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What is the future for UK farmland prices?

Every solar farm and anaerobic digester built is taking land out of agriculture’s traditional role of food production. Other factors reducing land for food production include infrastructure development such as road and rail, as well as commercial and residential development. In England alone the government is driving for one million houses to be built in the next five years.  Once taken out of agriculture and food production - it’s gone for good.

Despite the continued reduction in the finite resource of land, the impact of low world market commodity prices is also an influence. 

Technology is countering the diminishing land resource with productivity continuing to increase thanks to scientific research and development with world leaders targeting to double world food production in the next 15 years.

So what effect do these conflicting influences have on land prices?

The amount of land sold to benchmark against remains minimal. A few very large enterprises have come to the open market in the eastern counties, while in the west of the country working farms and land for sale remain in short supply.

The market in the eastern counties, fuelled by these few very large sales, has been supported by investor clients seeing agricultural land as a finite and diminishing resource and therefore a good long term investment.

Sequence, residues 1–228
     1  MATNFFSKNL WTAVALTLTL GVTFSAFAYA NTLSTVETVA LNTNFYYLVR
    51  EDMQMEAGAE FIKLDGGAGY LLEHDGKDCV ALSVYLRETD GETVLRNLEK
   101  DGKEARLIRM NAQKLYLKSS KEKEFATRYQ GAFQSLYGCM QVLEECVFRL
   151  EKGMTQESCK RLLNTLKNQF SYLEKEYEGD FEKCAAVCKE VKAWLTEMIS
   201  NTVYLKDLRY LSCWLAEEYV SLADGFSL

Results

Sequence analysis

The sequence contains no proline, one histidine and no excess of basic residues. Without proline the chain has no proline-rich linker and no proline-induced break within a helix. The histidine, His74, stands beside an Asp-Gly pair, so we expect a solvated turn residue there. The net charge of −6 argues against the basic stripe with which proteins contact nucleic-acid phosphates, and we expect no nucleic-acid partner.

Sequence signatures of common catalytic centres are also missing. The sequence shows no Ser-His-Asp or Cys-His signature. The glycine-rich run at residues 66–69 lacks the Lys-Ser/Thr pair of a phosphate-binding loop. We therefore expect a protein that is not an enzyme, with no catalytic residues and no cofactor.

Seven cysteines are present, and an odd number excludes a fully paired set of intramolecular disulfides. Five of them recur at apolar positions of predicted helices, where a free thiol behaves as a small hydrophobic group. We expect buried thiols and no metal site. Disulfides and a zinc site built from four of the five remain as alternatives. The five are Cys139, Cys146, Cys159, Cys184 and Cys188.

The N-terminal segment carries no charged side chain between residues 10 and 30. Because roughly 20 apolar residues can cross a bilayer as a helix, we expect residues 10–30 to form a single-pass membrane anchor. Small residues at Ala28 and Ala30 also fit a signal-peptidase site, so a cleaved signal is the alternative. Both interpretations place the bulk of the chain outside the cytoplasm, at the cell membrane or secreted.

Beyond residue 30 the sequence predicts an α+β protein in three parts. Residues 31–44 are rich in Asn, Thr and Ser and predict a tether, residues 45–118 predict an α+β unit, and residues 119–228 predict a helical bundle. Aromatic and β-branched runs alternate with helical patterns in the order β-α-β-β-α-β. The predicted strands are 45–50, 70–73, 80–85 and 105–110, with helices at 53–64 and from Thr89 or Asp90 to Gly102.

In the west of the country the buyers generally remain active farmers who recognise that if they are to grow their enterprise, buying nearby land at the market rate is one of the few options to growing the business and spreading costs.

Currently we have a 330 acre mixed holding on the market, located on the Shropshire -Welsh border at Bishops Castle. Interest is generally from the more progressive farmers in the region. Many of these farms already have three or four holdings - and simply need to expand within a manageable distance for men, machinery and livestock to travel.

In the perfect world these farms would like to have 800 to 1500 acres within one ring fence. However history dictates that such sizeable farms are extremely rare in this part of the world, because farming has prospered through traditional mixed family farms averaging 200 to 300 acres. 

Consolidation

This year has been one of consolidation for land prices, following the rapid increases experienced in recent years, there has been no fall back and land values continue to be robust. The two key factors leading to a strong land market remain accessibility and size. Both make a significant difference to the number of people a parcel is suitable for and will appeal to, and ultimately influences the final price. In addition low interest rates continue to hold, offering good long term deals.

It would be wrong to overlook the fact that the price of land has never directly reflected the return from agriculture; other factors have significantly affected the value, particularly tax reliefs. However, there is speculation and uncertainty over Inheritance Tax Relief and Capital Tax roll over relief.

Land is perceived as a recession proof investment attracting both business and private investors, the latter benefiting from amenities linked to the land, including sporting rights, wildlife, social standing and privacy all of which can go hand in hand with owning land.

Lot 2 arable land

Lot 2 Setting

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